Review: Android 4.4 KitKat
Android 4.4 KitKat is a capable operating system that doesn't offer a lot of new user-facing features, but will eventually lead to a broader range of high-quality apps.
Google did little to change the design and appearance of the operating system. The changes it did bother with leaned toward trimming down clutter and reducing noise. The app menu, for example, has fewer graphical elements and is simpler in appearance. Unfortunately, this comes at the expense of several useful features. Android has used the same basic design since it debuted Android 3.0. When Google gets around to Android 5.0, that's when we might see a major shift in Android's design. For now, it's still fresh enough.
Google significantly altered two important apps: the phone and Hangouts. The changes brought to those apps will take time for users to adjust to, that is if they're not overridden by hardware makers. The bulk of Google Apps show few changes in KitKat, specifically.
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When weighed against iOS and Windows Phone, Android has some significant advantages. It offers far more customization opportunities, not only for users but for hardware makers. Users and makers alike are free to tweak the appearance of the home screens and other facets to make each device their own. More than ever, Android and iOS go toe-to-toe and feature-for-feature. Where iOS is simpler to use, it is more rigid. Where Android is more flexible, it's a bit more complex. iOS has the edge when it comes to apps and content, but Android has the edge when it comes to hardware selection and variety.
Since only a handful of devices will ever run the stock version of Android, what matters more is how device makers and developers customize it for their devices and apps. The new SDK and APIs offer developers more freedom to tap into the operating system and hardware features. This is what will, in the long run, push Android and KitKat ahead of other platforms.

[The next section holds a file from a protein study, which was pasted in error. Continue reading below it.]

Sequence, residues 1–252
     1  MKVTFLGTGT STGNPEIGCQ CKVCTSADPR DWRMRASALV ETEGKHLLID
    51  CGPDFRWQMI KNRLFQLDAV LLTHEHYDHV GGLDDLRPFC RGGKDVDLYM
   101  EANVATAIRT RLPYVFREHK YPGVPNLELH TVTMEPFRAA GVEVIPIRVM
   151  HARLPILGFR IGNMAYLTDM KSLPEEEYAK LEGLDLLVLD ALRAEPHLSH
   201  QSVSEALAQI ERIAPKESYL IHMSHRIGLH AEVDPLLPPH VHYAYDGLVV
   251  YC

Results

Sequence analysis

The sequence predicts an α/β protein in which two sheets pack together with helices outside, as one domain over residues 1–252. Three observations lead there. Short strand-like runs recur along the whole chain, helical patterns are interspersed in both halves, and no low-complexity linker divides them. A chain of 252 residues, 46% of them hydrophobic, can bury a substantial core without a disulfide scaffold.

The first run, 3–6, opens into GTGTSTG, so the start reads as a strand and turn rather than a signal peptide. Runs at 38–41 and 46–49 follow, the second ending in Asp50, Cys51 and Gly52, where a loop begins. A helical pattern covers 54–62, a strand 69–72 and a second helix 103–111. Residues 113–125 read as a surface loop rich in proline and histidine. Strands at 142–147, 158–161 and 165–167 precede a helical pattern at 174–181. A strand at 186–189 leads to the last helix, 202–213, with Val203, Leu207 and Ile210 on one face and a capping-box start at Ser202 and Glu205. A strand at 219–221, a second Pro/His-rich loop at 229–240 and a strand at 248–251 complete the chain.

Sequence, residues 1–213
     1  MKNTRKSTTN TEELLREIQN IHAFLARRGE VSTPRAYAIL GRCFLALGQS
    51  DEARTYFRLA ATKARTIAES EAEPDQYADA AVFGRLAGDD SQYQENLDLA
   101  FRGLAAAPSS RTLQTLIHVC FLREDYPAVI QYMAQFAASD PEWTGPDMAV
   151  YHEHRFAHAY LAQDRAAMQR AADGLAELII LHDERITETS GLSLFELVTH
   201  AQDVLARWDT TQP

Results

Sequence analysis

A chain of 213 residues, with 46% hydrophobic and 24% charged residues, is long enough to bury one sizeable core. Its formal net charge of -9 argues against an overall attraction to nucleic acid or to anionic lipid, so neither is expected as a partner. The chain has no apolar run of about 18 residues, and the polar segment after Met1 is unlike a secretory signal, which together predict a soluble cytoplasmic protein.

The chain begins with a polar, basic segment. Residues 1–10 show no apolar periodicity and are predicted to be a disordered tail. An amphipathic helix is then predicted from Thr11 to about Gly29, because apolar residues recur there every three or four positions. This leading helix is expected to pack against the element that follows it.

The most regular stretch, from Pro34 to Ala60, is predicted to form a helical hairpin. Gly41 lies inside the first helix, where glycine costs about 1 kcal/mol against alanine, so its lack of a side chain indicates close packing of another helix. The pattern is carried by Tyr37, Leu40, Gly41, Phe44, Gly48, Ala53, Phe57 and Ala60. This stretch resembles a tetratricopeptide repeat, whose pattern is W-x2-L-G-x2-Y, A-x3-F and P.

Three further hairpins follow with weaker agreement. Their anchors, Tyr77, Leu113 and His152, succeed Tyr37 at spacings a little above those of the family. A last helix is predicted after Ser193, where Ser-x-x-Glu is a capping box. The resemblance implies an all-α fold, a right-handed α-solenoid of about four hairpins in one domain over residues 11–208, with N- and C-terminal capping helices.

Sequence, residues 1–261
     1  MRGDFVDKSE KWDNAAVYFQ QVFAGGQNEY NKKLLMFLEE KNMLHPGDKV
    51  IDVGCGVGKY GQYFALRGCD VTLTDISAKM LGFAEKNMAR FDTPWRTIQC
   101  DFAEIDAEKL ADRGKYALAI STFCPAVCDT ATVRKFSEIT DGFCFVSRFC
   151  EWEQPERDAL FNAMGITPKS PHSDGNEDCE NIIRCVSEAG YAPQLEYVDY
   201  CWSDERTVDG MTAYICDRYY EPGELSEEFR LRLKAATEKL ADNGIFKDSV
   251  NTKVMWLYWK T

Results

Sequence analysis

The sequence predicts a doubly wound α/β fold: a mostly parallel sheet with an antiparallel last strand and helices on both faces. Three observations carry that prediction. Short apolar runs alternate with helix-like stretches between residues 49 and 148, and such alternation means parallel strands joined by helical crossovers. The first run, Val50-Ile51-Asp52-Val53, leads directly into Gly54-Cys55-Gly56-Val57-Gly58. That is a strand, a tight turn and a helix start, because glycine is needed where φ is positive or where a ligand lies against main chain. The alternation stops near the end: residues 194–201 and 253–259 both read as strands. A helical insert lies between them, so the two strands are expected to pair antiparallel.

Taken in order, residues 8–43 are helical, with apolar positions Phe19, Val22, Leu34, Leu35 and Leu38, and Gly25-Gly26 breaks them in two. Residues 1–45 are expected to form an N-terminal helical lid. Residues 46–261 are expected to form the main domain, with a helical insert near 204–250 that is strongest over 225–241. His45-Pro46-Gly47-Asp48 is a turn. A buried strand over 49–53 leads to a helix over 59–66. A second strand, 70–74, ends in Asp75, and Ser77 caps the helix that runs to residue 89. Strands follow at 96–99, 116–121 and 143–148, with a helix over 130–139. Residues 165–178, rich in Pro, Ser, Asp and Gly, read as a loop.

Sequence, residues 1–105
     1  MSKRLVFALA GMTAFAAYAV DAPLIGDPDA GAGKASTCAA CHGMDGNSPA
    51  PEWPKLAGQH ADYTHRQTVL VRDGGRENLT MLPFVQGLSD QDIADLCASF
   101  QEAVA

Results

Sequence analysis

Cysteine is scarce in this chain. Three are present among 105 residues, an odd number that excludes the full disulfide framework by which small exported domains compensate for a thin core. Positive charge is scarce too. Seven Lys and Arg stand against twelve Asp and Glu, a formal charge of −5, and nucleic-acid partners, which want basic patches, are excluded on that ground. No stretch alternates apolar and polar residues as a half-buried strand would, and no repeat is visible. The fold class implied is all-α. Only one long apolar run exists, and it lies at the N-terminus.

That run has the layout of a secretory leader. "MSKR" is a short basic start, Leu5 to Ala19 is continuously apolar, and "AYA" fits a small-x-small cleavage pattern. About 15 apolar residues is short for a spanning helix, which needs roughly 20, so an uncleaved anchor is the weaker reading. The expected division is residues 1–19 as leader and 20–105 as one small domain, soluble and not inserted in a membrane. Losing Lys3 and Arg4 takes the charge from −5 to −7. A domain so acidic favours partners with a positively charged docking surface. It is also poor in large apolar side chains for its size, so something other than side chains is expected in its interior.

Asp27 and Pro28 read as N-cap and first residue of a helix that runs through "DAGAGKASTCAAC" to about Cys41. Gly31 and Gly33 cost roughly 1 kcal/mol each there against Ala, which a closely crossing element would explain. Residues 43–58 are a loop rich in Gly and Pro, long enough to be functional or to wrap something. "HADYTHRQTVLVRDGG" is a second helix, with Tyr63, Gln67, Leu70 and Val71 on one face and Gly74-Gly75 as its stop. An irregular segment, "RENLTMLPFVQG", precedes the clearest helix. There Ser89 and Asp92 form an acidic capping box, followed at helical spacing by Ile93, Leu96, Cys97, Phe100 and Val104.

Review: LG V30
The LG V30 is a flagship handset that tries to move the needle forward with a stylish design, 18:9 display, and powerful camera features. This metal-and-glass Android slab is a gorgeous piece of hardware that has lots going for it.
Review: Sony Xperia XZ2
Sony's 2018 flagship phone, the Xperia XZ2, sees the company catch up to the competition in terms of design and features. It boasts a metal-and-glass chassis, introduces a 2:1 screen, adopts Android 8, pass the best processor, and includes table-stakes tools such as bokeh photography.
Review: Honor 7X
The Honor 7X is an affordable handset from Huawei that offers modern features in an attractive piece of hardware. This Android smartphone includes a metal-and-glass design, dual cameras with portrait mode, and a large 2:1 display.
Review: Android 6.0 Marshmallow
Google's latest mobile operating system, Android 6.0 Marshmallow, is a tasty treat indeed. New features, such as Google Now on Tap, Doze, Direct Share, Permissions, and Nexus Imprint offer compelling reasons to upgrade.
Review: OnePlus 6
The OnePlus 6 is the company's latest attempt to convince you that ultra-pricey flagships are unnecessary; why spend $800 to $1000 on a phone when you can get one that's nearly as good for just over $500? The 6 is an attractive metal-and-glass device that has the latest design from OnePlus, the latest specs from Qualcomm and others, and the latest Android software from Google.